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THE ROMANS: Kingdom Republic Empire is a 1-4 Player game from the renown RAGNAR Bros. Designed by: Steve Kendall, Phil Kendall and Gary Dicken

Designer Description and Surprisingly Sad News: The Romans traces the history of the Roman Empire from its inception as a small Italian Kingdom, through its development and expansion as a Republic and thence to the full blown Empire that dominated the classical world. Enemies mount challenges throughout the game and ultimately the barbarian invasions drive deep into the Empire with Rome itself as their target.

But this is not just a game of conquest. Senators grapple for power in the buildings of the capital and players will score victory points by developments through the game.

Players start with four Senators and their number increases through the game as five buildings come into play. These Senators can be placed in the various buildings to gain promotions, recruit legions, take revenue and build cities, fortifications and fleets, gain victory points, and a whole lot more. Alternatively, the Senators flip to become Generals which the player then deploy with armies on their own map board to expand the Kingdom, Republic and Empire.

Players make a range of decisions as there are multiple scoring opportunities and routes to victory. Game play is speedy and at time simultaneous. The fortune of dice rolling is mitigated by the sharing of many rolls and players who fall behind in the game will benefit from three recovery mechanisms that ensure the game remains tightly balanced until the dramatic climax of the game.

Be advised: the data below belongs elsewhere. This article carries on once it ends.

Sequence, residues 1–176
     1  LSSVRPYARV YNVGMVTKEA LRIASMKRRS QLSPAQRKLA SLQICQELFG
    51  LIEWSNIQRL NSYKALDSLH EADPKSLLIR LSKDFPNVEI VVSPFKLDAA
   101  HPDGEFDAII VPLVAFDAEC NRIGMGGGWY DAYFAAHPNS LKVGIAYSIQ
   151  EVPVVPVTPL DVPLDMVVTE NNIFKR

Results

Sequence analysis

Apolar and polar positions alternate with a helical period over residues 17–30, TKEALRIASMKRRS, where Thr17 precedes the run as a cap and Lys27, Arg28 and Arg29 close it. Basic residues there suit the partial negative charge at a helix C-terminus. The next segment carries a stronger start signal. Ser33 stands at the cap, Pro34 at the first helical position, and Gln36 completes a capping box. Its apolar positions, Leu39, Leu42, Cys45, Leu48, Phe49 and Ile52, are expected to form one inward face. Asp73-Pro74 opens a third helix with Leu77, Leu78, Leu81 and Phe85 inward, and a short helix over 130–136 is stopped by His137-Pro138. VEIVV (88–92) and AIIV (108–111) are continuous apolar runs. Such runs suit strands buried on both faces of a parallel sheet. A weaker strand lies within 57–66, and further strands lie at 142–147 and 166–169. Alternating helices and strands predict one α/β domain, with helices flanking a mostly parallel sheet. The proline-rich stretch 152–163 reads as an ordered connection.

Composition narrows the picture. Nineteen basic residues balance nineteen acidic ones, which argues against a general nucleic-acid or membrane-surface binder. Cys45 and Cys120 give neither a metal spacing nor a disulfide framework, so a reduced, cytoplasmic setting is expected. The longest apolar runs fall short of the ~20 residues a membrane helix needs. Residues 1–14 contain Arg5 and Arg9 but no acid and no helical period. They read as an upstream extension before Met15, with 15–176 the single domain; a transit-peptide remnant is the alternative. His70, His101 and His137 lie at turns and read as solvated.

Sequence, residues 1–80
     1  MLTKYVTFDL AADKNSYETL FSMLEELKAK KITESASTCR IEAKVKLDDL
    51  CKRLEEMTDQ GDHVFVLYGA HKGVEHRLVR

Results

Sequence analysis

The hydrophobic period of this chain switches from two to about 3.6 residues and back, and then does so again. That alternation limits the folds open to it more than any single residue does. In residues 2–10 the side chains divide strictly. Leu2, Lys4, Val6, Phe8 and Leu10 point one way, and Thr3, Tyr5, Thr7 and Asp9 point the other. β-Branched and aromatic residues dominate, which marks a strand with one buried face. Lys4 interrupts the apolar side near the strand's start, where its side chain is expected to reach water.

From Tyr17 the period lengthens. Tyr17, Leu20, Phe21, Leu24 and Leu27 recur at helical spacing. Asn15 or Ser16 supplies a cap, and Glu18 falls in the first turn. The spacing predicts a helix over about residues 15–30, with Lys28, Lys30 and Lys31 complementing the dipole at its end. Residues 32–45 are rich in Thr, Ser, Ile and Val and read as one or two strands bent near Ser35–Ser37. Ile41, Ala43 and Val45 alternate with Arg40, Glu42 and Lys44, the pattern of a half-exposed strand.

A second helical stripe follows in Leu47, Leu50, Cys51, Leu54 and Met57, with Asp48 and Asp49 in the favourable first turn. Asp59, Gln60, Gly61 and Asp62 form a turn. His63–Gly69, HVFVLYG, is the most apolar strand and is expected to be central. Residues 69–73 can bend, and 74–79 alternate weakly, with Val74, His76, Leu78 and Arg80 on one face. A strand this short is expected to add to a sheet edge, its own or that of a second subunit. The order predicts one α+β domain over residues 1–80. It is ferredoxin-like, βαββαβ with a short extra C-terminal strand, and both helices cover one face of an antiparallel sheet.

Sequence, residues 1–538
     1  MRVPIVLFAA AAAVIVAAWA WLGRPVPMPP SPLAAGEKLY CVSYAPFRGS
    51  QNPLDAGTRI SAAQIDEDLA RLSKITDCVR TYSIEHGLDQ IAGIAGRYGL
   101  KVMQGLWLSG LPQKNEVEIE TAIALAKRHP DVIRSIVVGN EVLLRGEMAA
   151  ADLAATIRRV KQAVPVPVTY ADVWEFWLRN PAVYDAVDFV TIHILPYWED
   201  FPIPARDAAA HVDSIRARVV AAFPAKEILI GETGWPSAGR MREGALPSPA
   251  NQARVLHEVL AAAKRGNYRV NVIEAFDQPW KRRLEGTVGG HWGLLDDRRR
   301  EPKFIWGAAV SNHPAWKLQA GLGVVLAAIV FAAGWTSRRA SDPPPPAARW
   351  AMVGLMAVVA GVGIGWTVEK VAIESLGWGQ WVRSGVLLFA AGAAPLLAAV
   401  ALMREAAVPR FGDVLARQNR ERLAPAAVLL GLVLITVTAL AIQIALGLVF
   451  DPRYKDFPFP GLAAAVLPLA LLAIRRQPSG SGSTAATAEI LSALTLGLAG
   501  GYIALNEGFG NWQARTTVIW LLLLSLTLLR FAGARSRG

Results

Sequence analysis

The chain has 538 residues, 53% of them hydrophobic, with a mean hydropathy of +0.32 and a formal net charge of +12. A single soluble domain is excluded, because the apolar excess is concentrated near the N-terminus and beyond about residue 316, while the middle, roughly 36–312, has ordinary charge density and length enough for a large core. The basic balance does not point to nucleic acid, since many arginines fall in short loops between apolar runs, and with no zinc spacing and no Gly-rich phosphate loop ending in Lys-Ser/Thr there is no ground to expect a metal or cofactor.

This is the third quantum game from the Ragnar Brothers and gives players a unique opportunity for each to experience the thrilling rise of Roman power. The game also builds upon the auto-player mechanisms which have been a feature of the solo rules in their recent games.

Gary Dicken and actual brothers Stephen and Phil Kendall have been putting games out under the label for three decades, including their early ‘90s epic civilisation-builder History of the World (which was recently revamped for a fabulous new edition), Fire & Axe: A Viking Saga and Angola.

The designers’ recent ‘Quantum’ trilogy, which began in 2016 with New World exploration game Nina & Pinta and continued with this year’s tale of Scottish colonists Darien Apocalypse, comes to a close with The Romans, a blend of militaristic territorial expansion and political grappling set in the growing ancient Italian capital.

As with the other Quantum games’ depiction of quantum physics-inspired parallel universes, The Romans will give each player a different experience of building Rome from the ground-up into the thriving empire, with the players sharing some dice rolls to balance the luck-driven elements.

The Romans also marks the end of the trio’s decades-long collaboration at least in name, with Stephen Kendall announcing on Twitter that it will be “the final game from Ragnar Brothers”.

The Romans launched on a Kickstarter campaign, ahead of its planned release, and is currently marching across the ocean and is due to land in the UK around May 15th.

 

GGO:
Players used to the Ragnar Brothers games may well be initially surprised by the levity of Marco Primo's artwork. For a game that is strategic and historical the graphics and design are light and in the frame of comic and cartoon, in other words they do not particularly fit in with a genre of game or era of history as important as this. Yes I am well aware that many games portray Romans as comic-book figures but, and it was a couple of my wargaming players who commented first and the most, "The ROMANS" isn't one of of those fluffy type 45 minute games, it is a good 90 minutes and more likely to last twice that or longer.  

As most players first forray into the world of the Ragnar Brothers games would have been their famous cloth-board-based "History of the World" it is somewhat fitting that they are closing their cerebral factory with a game that bears their crowning glory some minor similarities - the Romans themselves being the majority of those. Some of the photographs on this page are taken by me of the components as they were removed from the box, others are mainly of my board in an actual game.